The web has changed and so has the way Google indexes and serves up web pages. Read the evidence in Google’s official webmaster blog.

After reading this article in Google’s blog you may have a better understanding of the importance of real-time relevant information that comes from regularly updated sites such as news sites and BLOGS.

Yes, blogs have become a very important factor in SEO for your main site. Creating links in your blog that relate to information in your main site can be very beneficial not only to the indexing of your blog but also the indexing and positioning (SERPS) of your main site also through relevant linking.

Social media has also become a perfect place for search engines to index real-time relevant information also. Many people build main websites and never change content. This means the information in these pages can become outdated and not as relevant as information posted in a twitter post, on a facebook fan page, or on your linkedin pages.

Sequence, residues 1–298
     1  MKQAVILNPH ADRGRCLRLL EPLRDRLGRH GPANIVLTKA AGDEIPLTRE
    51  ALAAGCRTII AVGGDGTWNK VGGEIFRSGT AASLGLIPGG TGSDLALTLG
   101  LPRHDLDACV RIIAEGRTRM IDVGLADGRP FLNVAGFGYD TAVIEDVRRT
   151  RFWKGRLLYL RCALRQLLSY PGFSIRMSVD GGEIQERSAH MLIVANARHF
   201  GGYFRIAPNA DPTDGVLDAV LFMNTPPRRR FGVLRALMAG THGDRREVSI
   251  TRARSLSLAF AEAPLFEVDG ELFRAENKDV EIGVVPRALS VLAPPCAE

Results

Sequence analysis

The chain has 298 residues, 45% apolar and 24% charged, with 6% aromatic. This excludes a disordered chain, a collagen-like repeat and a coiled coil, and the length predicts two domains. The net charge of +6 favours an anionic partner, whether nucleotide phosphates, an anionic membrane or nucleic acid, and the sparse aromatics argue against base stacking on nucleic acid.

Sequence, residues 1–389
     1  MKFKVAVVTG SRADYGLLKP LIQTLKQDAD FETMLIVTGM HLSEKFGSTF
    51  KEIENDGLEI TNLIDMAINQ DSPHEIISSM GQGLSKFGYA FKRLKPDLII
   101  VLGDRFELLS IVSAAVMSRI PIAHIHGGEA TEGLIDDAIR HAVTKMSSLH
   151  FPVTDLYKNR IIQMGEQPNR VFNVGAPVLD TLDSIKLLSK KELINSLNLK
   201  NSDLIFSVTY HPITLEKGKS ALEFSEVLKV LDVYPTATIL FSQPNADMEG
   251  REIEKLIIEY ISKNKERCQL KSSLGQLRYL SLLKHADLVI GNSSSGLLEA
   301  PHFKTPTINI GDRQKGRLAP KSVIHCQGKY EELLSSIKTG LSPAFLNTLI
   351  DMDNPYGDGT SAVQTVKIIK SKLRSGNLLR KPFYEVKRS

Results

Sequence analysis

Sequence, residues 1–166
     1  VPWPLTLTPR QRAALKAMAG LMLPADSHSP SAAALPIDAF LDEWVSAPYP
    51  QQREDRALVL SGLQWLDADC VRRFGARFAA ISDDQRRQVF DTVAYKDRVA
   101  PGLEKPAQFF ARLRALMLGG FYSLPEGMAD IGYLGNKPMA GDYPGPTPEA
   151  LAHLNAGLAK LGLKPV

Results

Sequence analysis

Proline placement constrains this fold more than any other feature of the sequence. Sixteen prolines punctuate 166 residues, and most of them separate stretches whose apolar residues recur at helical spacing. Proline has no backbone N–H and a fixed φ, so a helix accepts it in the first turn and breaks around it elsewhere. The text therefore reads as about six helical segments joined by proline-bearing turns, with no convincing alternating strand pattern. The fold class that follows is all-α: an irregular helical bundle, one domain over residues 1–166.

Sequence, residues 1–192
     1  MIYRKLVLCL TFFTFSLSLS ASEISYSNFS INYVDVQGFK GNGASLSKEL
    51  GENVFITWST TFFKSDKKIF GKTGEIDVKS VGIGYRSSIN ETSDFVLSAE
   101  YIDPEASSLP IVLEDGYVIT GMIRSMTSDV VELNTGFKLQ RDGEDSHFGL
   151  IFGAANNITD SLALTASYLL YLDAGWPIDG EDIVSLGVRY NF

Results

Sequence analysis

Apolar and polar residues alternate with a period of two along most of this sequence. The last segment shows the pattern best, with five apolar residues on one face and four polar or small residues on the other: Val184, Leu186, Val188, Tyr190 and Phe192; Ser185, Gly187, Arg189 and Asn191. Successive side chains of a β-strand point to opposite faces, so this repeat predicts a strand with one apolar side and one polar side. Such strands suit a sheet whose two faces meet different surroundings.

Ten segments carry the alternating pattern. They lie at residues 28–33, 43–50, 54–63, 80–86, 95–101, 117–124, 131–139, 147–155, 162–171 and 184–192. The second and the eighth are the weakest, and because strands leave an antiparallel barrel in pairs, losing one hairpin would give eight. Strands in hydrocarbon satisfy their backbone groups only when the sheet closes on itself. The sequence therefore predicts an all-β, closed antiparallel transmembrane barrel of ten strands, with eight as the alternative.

The Caffeine update is complete and will change the way your pages are indexed and ranked in the search engines.

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Real time search results are just a small part of the restructuring of Google search technology but may have a huge affect on who gets indexed at the top and how fast. How will real-time search results affect SERP and organic search results? Lets take a look at where the real-time search results will be placed on the page.

According to Amit Singhal Google Fellow, Google will build a section in the search results called “latest results”. This section will contain live updates from people on popular sites like Twitter and FriendFeed, as well as headlines from news and blog posts published just seconds before.

To carry out this venture Google announced on December 07 – 2009 it had partnered with Facebook, MySpace, FriendFeed, Jaiku and — along with Twitter, which they had announced a couple week prior.

An interesting aspect of real-time search is the ability to spam. How will Google address this issue? As will all SEO issues we will keep a close eye on where real-time search goes.